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Positive Expected Returns

“What’s the stock market going to do?” If you have read our past newsletters, you know that we are not market prognosticators. It is difficult for anyone to predict future market movements with any accuracy or consistency, and we make no attempt to do so in our approach to portfolio management. Nevertheless, academic theory suggests that the expected return in the market is always positive. How can this be?

An investor who is completely risk-averse will invest solely in U.S. Treasury securities, which are backed by the full faith and credit of the U.S. government and are essentially risk-free. Historically, stocks have been riskier than bonds. The only reason for investors to accept this higher risk is that they expect a higher return, which stocks have provided. From 1926 to 2017, the U.S. stock market had an average annual return of 10.2% compared to 5.5% for long-term treasury bonds. This difference in returns (4.7%) is referred to as the equity risk premium, which is the higher expected return that investors require to risk their money in the stock market.

According to economic theory, stock market prices are adjusted daily to provide this higher expected return. If this were not the case, investors would take their dollars elsewhere, resulting in downward pressure on stock prices until the market was priced appropriately to provide a positive expected return. Adjustments in stock prices based on new information occur quickly. As a result, there is a positive expected return built into the stock market based on its current valuation at all times.

Of course, this does not mean the market always goes up. Weaker than anticipated economic data or unforeseen geopolitical problems can send stocks downward in a hurry; however, this is based strictly on new information, not on past performance. A common misconception is that when the stock market has been going up for a while and is hitting new highs, it is due for a fall. An analysis of the S&P 500 from 1926 to 2017 shows that the average annual return after new market highs was positive over the ensuing one, three, and five-year periods, as shown below. Interestingly, the average annual return was also positive after market corrections of 10% or more.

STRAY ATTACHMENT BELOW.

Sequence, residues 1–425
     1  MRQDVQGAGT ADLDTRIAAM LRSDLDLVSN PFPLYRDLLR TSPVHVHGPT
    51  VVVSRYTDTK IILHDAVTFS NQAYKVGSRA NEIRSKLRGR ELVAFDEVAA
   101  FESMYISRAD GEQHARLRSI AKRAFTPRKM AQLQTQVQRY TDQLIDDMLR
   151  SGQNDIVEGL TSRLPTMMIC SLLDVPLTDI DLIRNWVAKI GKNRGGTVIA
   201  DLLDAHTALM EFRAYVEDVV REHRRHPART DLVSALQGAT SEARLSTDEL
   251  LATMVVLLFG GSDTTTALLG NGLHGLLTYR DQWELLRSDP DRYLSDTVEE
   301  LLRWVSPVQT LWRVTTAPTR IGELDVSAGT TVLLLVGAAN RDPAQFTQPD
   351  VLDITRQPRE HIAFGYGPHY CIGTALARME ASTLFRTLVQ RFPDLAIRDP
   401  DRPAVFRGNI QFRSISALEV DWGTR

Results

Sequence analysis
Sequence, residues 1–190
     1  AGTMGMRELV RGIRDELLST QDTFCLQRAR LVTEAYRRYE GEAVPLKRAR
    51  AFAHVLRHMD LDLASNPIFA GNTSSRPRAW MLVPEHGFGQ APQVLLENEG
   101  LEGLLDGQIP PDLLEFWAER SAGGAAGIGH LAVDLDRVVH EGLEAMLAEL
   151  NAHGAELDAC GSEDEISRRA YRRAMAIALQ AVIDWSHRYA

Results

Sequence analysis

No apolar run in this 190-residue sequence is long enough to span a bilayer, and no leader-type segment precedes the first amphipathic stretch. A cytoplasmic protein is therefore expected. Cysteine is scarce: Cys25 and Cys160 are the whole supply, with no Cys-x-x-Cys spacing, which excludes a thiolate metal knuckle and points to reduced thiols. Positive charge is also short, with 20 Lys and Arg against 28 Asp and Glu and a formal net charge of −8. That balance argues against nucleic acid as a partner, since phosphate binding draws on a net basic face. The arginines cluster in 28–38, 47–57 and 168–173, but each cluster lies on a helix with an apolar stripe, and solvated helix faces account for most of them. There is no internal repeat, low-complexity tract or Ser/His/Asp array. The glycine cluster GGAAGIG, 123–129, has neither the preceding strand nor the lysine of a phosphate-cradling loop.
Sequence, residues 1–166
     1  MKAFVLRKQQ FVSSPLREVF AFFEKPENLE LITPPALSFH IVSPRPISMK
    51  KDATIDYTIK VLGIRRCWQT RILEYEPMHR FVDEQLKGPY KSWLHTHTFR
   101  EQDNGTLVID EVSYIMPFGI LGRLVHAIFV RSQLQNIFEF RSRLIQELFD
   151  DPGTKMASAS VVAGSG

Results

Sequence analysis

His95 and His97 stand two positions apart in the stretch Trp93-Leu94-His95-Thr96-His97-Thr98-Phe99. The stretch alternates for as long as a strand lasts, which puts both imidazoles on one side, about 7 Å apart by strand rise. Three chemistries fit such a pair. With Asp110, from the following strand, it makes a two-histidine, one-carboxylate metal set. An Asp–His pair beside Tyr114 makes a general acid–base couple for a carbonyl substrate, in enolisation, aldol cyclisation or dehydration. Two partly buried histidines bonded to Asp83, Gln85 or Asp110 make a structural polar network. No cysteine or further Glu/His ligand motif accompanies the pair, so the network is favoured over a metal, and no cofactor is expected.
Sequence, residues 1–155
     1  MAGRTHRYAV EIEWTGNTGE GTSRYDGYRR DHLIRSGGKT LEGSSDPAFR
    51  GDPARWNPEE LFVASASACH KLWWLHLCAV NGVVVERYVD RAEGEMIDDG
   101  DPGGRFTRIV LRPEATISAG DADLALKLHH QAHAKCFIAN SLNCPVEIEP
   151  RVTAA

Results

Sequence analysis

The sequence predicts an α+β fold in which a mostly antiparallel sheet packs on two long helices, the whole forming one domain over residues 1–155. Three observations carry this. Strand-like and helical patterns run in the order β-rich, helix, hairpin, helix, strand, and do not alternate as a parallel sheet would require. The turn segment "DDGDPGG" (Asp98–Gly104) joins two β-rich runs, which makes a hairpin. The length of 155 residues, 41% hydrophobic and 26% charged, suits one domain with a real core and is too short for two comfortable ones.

Source: Dimensional Fund Advisors

The take-home point is that predicting market returns is hazardous because they are influenced by unknowable future events rather than past performance. Instead of relying on market forecasts, investors should harness the power of the market as an efficient information processing system to help structure their investment portfolios. Stock prices reflect the collective wisdom of millions of buyers and sellers whose actions cause prices to adjust up or down in real time to provide positive expected returns going forward. While there is no guarantee that these returns will be realized, historically the market has gone up more often than it goes down. Since 1926, the U.S. stock market has risen 68 out of 92 years, or about 74% of the time.

One way to increase your chances of realizing a positive return in the stock market is to invest over a long time horizon. This is why it is important to choose a level of equity exposure that you feel comfortable with, so that you can stick with your asset allocation strategy over the long run.

As always, please feel free to contact me if you have any questions, comments, or concerns.

Jeffrey J. Brown, MD CFA Principal, Shearwater Capital

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